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Tuesday, August 16, 2016

The Senseless Killing of Nina Ubiera


The Naugatuck River flows alongside Route 8 in Connecticut.
Between the years of 1985 and 1994, there were nineteen unsolved homicides in the state of Connecticut. Five of those murders involved the disposal of women along a twelve-mile stretch of roads running adjacent to Route 8. Several of the bodies were found in the vicinity of the Naugatuck River.

On November 1, 1994, a few factory workers were driving to work along Route 262 in Thomaston and saw a naked body in the bushes at the edge of a gravel pit, about twelve feet from the shoulder of the road. The location was just one mile away from the site where another victim, Mary Jo Markiewicz, was discovered, dead from multiple stab wounds, the year before.

Markiewicz, like Everett, Alvarado, and Bettencourt, was a Waterbury prostitute. State police wondered if the unidentified naked body discovered on November 1, 1994, was also a local prostitute and somehow related to the cluster of prior killings. The body had not been there for very long, maybe just a day or two, according to Sgt. Scott O’Mara of the Connecticut state police. The woman was Hispanic, with long wavy hair. She looked to be in her early thirties.
Ubiera was different from other Route 8 victims

Unlike the other Route 8 victims, this woman had been mutilated. One of her breasts was cut off.  Apparently, the killer wanted to keep a physical reminder of the crime for himself, and mutilating his victim likely gave him a sense of ownership and control. In quick time, the twenty detectives assigned to the case unveiled additional differences between the latest victim and the other women dumped near Route 8 in recent years.

The exact cause of death was not apparent. An autopsy later revealed that the cause of death had not been strangulation, shooting, or stabbing. Rather, Ubiera was hit by a car and likely died from the initial impact. Following the accident, her body had been moved to the remote locale where the undressing and mutilation probably took place post-mortem. 

The other Route 8 victims were prostitutes with substance abuse problems. The current victim, however, was not a prostitute or a drug addict. Her name was Olga Maria Cornieles-Ubiera; to her friends, she was “Nina.” Ubiera was among the growing population of Dominicans who had come to Connecticut in search of the American dream. As with most immigrants, job opportunities did not abound for Ubiera. She struggled with the language and could not read English. At the time of her death, Ubiera was between jobs. She lived in a humble third floor tenement in a section of Waterbury’s inner city that was crammed with similarly unattractive and outdated apartment buildings.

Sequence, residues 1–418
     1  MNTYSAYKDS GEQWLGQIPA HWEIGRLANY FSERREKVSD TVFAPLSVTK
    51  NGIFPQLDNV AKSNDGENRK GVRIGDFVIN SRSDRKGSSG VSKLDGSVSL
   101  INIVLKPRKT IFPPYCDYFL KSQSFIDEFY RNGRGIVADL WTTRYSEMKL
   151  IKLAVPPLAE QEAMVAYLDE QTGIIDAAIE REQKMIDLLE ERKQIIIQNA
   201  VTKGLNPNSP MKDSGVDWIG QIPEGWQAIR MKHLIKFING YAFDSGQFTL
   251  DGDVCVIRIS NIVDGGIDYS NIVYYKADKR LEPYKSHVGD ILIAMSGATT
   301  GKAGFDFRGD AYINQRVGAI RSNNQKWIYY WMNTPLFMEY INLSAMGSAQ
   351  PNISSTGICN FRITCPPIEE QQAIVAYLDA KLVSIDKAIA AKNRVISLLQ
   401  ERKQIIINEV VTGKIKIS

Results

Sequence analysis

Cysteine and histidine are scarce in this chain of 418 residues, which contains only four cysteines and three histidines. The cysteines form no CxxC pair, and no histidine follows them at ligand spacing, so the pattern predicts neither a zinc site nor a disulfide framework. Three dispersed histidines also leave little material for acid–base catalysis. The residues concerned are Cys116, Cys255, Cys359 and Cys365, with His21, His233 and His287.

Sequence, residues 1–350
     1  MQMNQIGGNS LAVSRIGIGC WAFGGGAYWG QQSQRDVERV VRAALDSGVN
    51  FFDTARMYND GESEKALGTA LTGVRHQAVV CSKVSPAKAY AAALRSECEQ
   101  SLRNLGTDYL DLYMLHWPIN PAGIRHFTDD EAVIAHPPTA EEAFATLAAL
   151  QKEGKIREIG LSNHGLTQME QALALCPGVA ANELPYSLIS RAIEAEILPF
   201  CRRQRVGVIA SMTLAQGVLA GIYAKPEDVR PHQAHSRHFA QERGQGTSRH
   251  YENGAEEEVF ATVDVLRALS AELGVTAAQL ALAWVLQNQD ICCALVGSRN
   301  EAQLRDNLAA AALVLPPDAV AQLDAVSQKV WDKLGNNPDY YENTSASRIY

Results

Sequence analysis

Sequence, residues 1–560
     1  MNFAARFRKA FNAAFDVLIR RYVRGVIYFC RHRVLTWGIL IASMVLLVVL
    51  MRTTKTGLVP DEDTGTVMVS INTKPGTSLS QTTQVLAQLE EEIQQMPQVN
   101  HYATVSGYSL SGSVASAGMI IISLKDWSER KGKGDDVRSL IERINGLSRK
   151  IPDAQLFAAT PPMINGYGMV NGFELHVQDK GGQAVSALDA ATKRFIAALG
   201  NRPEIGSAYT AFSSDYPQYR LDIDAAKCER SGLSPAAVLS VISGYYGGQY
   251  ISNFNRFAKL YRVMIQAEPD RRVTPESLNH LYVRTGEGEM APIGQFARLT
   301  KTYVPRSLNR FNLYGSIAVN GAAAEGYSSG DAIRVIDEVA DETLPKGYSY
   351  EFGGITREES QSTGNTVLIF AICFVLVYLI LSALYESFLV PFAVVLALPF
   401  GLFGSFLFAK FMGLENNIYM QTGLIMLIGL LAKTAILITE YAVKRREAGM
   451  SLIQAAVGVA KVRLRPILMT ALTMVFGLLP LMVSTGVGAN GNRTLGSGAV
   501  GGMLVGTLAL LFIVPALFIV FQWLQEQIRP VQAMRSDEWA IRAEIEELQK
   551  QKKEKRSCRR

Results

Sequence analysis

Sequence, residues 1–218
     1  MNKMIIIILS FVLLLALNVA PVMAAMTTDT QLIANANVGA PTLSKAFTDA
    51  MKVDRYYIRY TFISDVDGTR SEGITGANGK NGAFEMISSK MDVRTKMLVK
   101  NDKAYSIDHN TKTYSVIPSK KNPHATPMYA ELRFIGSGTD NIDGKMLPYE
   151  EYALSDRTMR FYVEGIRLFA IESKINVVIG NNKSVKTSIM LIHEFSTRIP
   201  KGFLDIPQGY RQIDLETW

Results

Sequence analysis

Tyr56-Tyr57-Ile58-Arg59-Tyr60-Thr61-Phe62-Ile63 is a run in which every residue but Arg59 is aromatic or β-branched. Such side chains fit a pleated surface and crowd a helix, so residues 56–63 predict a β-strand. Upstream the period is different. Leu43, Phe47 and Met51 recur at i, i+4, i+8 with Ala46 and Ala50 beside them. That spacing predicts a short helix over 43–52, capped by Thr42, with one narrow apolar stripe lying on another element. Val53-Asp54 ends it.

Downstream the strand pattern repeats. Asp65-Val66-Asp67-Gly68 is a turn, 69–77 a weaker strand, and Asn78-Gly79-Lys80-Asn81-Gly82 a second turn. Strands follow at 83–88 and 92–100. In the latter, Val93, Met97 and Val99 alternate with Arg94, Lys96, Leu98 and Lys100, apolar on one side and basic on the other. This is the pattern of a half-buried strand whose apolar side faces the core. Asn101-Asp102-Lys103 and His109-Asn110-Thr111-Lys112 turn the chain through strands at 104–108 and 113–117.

Ubiera made the most of a difficult situation. She had loving relationships with her Dominican relatives living in Bridgeport and New York. The two women living in the apartment below her said that she would often stop by for coffee and conversation. Ubiera also had a boyfriend, Michael Knox, who worked as a computer programmer. The two had met in a former workplace; others may have thought Uberia to be somewhat ordinary in looks, but Knox thought that she was beautiful.

Knox was interviewed at length following the murder and police ruled him out as a suspect based on a solid alibi. He was at a Halloween party on the night of Uberia’s death and witnesses could vouch for it. Knox was obviously torn to pieces about his girlfriend’s gruesome demise. It gave him chills, thinking that he must have driven past her defiled corpse on the way to work at a Waterville metals firm in the hours before her lifeless body was discovered.

In an article in the Hartford Courant dated December 29, 1994, Knox described Ubiera as “proper.” The two did not even kiss until a few months into the relationship. Like many women from the Dominican Republic, Ubiera “had a taste for good clothes and fine food.” Police divers explored the frigid waters and banks of the nearby Naugatuck River, located across the road from the location where the body was found.  Any nice clothing that Ubiera wore on the night that she was killed was never found. 
Police searched the snowy shoreline of the Naugatuck River

Ironically, the only personal item found next to Ubiera’s body was a black beeper with a broken clip. It was given to her by Knox so they could stay in touch.

Postscript: Today's blog post concerns one of the unsolved Route 8 Murders. I will return to writing about the serial murders in New Britain, Connecticut, in the near future. 

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